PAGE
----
Nurturing Researchers Webinar Q & A #3

Categories: Focus Series, Instruction, MethodSpace Live!, Other, Research Skills, Supervising and Teaching Research Skills and Roles, Teaching

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The MethodSpace focus for August was on teaching research methods, and we’re continuing in September with resources on mentoring, supervising, and guiding researchers. You can find the whole series here.

Q. Could you talk more about the personal nature of guiding researchers?

JES. It will take more than one post to answer this question! Let’s start here: generosity is central to the  personal dimension of mentoring. As mentors, we need to be willing to share what we know, what we’ve learned from study, and importantly, what insights have come from trial and error.

Stories are one way to share what we know. Stories help to connect the dots between points mentees gather on their own, or from the literature. I wrote “Crafting meaningful stories to bring research methods to life” for the Textbook and Academic Authors Association blog, so take a look!


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One thought on “Nurturing Researchers Webinar Q & A #3

  1. It is a personal process indeed, whether one is guiding researchers as part of a formal relationship (such as supervision which I focused on) or in more informal support spaces (such as the online research support group that Alice spoke about).

    We all have histories and experiences as students, supervisors and researchers. What one is guiding researchers towards is likely to differ depending on the context. For me, I am guiding postgraduate researchers towards writing a thesis and becoming practitioner-researchers. It’s about understanding who my students are and their needs. But I am also a mentee in other spaces myself, such as the research support group and I am guided by more experienced researchers in relation to things that I request guidance on. For example, I am in the process of completing an ethical clearance proposal for a project and reached out to folks I regard as mentors for feedback to help me to strengthen it.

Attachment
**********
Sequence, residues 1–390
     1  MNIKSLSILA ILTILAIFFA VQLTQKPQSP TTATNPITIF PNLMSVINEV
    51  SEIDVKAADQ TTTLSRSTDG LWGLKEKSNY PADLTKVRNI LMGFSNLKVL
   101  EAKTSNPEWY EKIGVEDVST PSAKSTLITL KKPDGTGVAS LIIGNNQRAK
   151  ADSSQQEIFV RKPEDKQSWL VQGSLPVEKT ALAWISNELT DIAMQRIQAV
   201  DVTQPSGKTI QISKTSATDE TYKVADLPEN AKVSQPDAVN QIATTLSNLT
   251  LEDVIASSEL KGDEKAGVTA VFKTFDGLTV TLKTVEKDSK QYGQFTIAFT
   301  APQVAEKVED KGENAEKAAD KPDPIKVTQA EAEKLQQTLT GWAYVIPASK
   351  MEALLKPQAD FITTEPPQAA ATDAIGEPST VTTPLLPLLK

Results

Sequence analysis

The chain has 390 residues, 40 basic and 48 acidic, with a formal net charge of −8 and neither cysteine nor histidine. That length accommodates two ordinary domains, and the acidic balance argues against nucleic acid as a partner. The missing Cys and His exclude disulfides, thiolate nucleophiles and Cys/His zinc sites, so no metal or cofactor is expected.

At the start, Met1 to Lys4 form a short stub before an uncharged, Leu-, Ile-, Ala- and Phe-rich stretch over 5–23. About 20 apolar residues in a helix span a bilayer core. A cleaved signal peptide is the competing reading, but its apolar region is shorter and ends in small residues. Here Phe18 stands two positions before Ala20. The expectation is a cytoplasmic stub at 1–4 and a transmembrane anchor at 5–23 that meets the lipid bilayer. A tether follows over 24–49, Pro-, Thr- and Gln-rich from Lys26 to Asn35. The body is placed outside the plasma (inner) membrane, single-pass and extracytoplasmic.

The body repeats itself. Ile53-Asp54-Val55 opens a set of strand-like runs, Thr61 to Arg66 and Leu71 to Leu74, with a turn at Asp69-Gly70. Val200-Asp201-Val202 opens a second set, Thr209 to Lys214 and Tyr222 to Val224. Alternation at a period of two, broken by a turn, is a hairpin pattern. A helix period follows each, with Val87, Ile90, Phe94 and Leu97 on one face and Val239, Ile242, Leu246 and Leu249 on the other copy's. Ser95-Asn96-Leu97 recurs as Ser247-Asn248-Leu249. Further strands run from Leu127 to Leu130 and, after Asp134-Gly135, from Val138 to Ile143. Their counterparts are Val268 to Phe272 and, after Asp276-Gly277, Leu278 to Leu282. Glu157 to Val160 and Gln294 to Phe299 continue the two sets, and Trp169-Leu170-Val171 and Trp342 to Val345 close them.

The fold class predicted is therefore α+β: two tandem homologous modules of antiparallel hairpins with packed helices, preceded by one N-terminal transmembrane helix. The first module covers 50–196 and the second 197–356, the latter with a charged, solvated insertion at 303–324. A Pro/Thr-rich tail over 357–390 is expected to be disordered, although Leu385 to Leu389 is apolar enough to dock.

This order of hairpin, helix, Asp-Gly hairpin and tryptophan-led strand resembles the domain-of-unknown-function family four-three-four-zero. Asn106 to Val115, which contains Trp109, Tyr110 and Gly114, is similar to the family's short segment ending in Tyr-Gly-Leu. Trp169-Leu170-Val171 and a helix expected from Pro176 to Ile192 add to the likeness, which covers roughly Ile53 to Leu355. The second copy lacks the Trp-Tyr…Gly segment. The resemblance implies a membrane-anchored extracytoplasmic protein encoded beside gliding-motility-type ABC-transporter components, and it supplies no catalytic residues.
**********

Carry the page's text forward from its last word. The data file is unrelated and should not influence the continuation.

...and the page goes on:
I find it helpful when people share their experiences with me, so I am aware that others may be able to learn from me when I share my experiences with them.

    In my capacity as a supervisor I often share my own experiences from when I was a student and even now was an emerging researcher. Willingness to expose one’s vulnerabilities differs from person to person. We’re not just being generous with sharing things, such as articles or books, it’s about generosity about sharing our experiences and the belief that this might help somebody else. Some people are not comfortable sharing stories of their own experiences if they think this might impact on how the person being guided may perceive them.

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